Explained: Why cases of paediatric asthma dropped drastically during the Covid-19 pandemic

Lockdown restrictions, shut schools, social distancing, mask wearing have made an impact

Covid-19 lockdown measures have seen a huge drop in the difficult to control cases of asthma attacks, not just globally but in India as well, according to some studies. It has taken a pandemic to understand the importance of school-related respiratory viral infections as one of the major factors of asthma exacerbation in children, and how wearing a mask can be a protective measure against this disease, said experts.

Asthma cases plummeted during pandemic

Dr Sundeep Salvi, chair of the Chronic Respiratory Diseases Section, Global Burden of Diseases-India, said that asthma cases plummeted during the pandemic. “Before the pandemic started, over 60% of children who visited a pediatrician in India did so for respiratory symptoms and a large proportion of these were for asthma. With the onset of the Covid-19 pandemic, the number of childhood asthmatics visiting a pediatrician plummeted by over 50 – 60%. This came as a surprise for doctors, as it was feared that the SARS COV-2 virus, being a respiratory predominant virus, would cause worsening of asthma. The shocking reduction in the number of paediatric asthma cases visiting a healthcare facility actually came as a boon…,” Dr Salvi said.

“There was a remarkable change worldwide and a similar trend was noted in India,” Dr Salvi said.

Schools being shut, lockdown restrictions important factors

Lockdown restrictions, schools being shut for in-person classes and social distancing have had important implications for movement and play behaviours, limiting children’s physical activity and reducing exposure to environmental triggers, say experts in their study `Impact of the Covid- 19 pandemic on asthma control among children’ from a caregiver’s perspective, published in the British Medical Journal (BMJ-Open).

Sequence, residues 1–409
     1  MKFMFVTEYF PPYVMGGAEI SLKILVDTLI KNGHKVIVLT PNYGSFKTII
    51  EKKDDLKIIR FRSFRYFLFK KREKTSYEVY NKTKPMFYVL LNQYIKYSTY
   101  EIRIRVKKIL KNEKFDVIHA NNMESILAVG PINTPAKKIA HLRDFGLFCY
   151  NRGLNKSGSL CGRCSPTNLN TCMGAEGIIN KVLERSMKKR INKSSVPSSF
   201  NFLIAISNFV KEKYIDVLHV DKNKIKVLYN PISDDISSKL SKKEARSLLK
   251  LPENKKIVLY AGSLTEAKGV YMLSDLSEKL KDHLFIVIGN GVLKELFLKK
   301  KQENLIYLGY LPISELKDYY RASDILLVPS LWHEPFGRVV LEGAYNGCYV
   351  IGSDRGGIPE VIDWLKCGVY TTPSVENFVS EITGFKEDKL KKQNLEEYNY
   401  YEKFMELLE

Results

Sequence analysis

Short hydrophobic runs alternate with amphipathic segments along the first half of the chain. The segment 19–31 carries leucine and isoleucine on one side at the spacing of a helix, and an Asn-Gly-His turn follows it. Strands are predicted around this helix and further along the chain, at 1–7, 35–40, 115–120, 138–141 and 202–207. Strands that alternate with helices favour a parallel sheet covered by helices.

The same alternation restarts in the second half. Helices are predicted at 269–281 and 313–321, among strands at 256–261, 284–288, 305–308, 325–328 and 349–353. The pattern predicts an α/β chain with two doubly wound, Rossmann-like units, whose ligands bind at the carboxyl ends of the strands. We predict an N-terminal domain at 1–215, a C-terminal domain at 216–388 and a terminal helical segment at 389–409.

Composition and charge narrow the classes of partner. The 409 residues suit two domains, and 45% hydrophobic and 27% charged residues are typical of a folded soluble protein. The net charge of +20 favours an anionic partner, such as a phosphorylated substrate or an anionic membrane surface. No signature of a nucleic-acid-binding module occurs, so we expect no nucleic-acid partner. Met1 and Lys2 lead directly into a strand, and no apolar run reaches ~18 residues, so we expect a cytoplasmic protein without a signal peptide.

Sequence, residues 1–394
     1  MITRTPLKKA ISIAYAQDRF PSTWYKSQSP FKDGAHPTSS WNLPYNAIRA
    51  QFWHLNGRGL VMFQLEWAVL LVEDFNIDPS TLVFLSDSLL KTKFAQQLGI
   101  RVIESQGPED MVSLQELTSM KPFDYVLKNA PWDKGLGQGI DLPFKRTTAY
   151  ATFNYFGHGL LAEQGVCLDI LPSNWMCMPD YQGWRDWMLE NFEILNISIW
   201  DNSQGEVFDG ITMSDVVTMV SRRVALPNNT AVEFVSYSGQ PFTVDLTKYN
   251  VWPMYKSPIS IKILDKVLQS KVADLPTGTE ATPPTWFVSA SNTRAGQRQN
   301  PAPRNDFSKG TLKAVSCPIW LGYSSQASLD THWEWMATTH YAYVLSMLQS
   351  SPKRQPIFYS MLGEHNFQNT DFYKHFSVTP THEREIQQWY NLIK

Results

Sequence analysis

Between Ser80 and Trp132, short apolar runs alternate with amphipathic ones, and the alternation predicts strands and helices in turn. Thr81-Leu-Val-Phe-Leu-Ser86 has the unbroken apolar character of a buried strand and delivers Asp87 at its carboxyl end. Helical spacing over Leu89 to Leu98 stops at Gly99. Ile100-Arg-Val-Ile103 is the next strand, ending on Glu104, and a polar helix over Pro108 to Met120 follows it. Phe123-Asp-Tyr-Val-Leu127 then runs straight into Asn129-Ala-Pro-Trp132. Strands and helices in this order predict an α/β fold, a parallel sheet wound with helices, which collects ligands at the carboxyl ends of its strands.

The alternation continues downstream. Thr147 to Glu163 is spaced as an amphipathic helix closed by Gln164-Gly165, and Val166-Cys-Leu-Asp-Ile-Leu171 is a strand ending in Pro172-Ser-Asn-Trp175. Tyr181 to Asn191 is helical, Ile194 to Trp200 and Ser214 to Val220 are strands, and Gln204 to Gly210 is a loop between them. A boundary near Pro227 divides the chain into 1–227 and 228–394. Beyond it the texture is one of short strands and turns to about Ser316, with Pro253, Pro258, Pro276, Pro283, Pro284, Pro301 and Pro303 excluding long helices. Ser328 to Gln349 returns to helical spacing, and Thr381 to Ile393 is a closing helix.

The European Respiratory Journal has also published observations from studies in Singapore, where researchers witnessed a sustained reduction in asthma admissions with PCR-proven respiratory viral infections (RVIs) that coincided with the widespread adoption of public health measures during the pandemic. Reduced number of motor vehicles on the road and shutting down of industries, which were major sources of air pollution in cities and towns, must have also contributed by reducing personal exposures to air pollution, said Dr Salvi.

Asthma growing problem in country

Asthma is the most common chronic disease among children and according to WHO, it affected an estimated 262 million people in 2019 and caused 4.61 lakh deaths. Inflammation and narrowing of the small airways in the lungs cause asthma symptoms which can be a combination of cough, wheeze, shortness of breath and chest tightness. Symptoms of asthma are intermittent and are often worse at night or during exercise.

According to the latest Global Burden of Disease (GBD) report, there are an estimated 3.4 crore asthmatics in India, of which around 25% are children. Although India has 11% of global asthma cases, the country accounts for a shocking 42% of all global asthma deaths.

Respiratory viral infections recognised trigger for attacks